According to a Pew Research Center poll last year, "Though abortion is a divisive issue, more than half of U.S. adults take a non-absolutist position, saying that in most — but not all — cases, abortion should be legal (34%) or illegal (22%). Fewer take the position that in all cases abortion should be either legal (25%) or illegal (15%)."
Such reasonableness as has been achieved in other cultures is beyond reach in America today. Otherwise sensitive liberals display an alarming indifference to the violence of late-term abortion. Conservatives normally keen to fight any government regulation of their lives evidence no aversion to regulating women's reproductive choices. Their failure to consider the plight of a woman or even a child who has been raped or the victim of incest is despicable. Neither side is interested in persuading anyone. Neither side permits ambivalence. It is all or nothing.
Little has changed in the seven years since we wrote: "Between those extremes — for whom the issue of abortion is a welcome and perennial source of votes and fundraising — lie the vast majority of people, who express ambivalence but are waiting to be persuaded of some reasonable approach to diminishing the number of abortions. … They are the people who correctly wonder how the culture can leap from the reality that science has established — that nature itself dispenses with a high percentage of fertilized eggs, a loss that is not sacramentalized or given any official civic status — to criminalizing a similar act when done by humans."
The sad reality in the Catholic community is that our bishops corporately have aided and encouraged the most extreme anti-abortion forces, threatening politicians who do not adhere absolutely in their political votes on the issue and marginalizing all other life issues. They have not even shown the degree of tolerance demonstrated by St. Pope John Paul II and Pope emeritus Benedict XVI to societal compromises on the issue as well as to high-profile, pro-choice politicians. Over more than four decades the bishops have persuaded very few and only contributed to civic and political divisions.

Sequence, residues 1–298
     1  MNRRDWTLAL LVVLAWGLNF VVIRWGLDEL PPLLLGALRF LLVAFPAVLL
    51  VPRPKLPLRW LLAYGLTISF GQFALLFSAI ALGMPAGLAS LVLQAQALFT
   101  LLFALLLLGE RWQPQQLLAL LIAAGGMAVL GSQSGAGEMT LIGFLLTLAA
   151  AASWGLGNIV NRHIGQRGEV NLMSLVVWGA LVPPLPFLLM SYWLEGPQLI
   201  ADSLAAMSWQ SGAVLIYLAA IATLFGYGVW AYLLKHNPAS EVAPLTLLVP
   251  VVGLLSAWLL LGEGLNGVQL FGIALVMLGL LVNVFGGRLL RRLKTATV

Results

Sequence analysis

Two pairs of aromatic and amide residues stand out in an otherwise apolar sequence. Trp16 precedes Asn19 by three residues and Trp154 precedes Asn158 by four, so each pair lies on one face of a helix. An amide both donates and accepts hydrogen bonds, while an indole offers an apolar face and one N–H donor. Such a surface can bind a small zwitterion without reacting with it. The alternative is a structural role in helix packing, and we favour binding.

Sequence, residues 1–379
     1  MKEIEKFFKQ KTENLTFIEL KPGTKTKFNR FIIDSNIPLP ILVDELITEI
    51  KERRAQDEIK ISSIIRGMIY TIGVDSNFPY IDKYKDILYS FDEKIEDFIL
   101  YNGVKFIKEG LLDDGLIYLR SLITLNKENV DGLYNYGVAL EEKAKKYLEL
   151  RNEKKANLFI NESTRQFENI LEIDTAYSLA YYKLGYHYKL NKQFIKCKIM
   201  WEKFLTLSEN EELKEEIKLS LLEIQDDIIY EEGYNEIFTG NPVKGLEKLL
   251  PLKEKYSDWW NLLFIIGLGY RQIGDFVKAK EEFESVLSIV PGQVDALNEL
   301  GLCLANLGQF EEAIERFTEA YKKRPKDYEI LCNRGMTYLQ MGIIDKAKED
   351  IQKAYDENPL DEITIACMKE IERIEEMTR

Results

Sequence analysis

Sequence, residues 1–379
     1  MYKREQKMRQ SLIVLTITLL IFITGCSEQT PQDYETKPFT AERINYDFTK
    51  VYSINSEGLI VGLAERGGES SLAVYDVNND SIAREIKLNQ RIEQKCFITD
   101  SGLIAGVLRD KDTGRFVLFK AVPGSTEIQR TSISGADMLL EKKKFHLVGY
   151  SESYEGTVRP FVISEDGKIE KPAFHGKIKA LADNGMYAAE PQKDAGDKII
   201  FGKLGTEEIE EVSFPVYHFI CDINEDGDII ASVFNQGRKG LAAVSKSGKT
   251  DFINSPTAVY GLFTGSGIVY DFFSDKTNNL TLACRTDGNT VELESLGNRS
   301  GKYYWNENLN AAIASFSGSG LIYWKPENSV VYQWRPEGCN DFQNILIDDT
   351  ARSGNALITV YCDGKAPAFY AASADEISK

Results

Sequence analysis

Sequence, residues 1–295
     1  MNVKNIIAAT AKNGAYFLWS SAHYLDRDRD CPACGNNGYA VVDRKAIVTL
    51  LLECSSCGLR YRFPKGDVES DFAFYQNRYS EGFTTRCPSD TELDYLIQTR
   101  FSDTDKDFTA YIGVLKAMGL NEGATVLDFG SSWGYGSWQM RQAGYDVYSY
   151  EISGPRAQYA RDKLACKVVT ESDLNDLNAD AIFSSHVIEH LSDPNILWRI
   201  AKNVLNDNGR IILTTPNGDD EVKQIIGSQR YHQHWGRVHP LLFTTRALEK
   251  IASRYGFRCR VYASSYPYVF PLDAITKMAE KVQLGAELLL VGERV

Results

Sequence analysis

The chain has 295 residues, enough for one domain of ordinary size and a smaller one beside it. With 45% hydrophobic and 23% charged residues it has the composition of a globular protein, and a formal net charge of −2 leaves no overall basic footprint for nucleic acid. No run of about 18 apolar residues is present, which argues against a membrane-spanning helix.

Most Americans do not rank abortion very high on the issues they consider when deciding how to vote. The power of the pro-choice and pro-life groups rests on the zeal of their followers and the funds they provide to those organizations during election cycles. There are no profiles of courage in either party willing to break with the imposed orthodoxy of the zealots, although some Republicans, including President Trump, have suggested that the Alabama law goes too far. We wait for a Democrat to similarly stand up against the extreme law passed in New York. The issue will likely continue to be defined by extremists on both sides. The cynicism of the extremes is amplified if the strategy behind recent laws is to move the issue to the Supreme Court. The future looks grim.
We favor modifying the current legal regime, but we also oppose laws like that in Alabama which allow no exemptions in cases of rape or incest. Human life, whether it is a child in the womb, a child in Iraq, or a child at the U.S. border, should have its dignity respected and its life protected. As a matter of political compromise, we could support the kind of laws found in most other developed countries while humane work continues and programs are enacted that would make abortion rarer.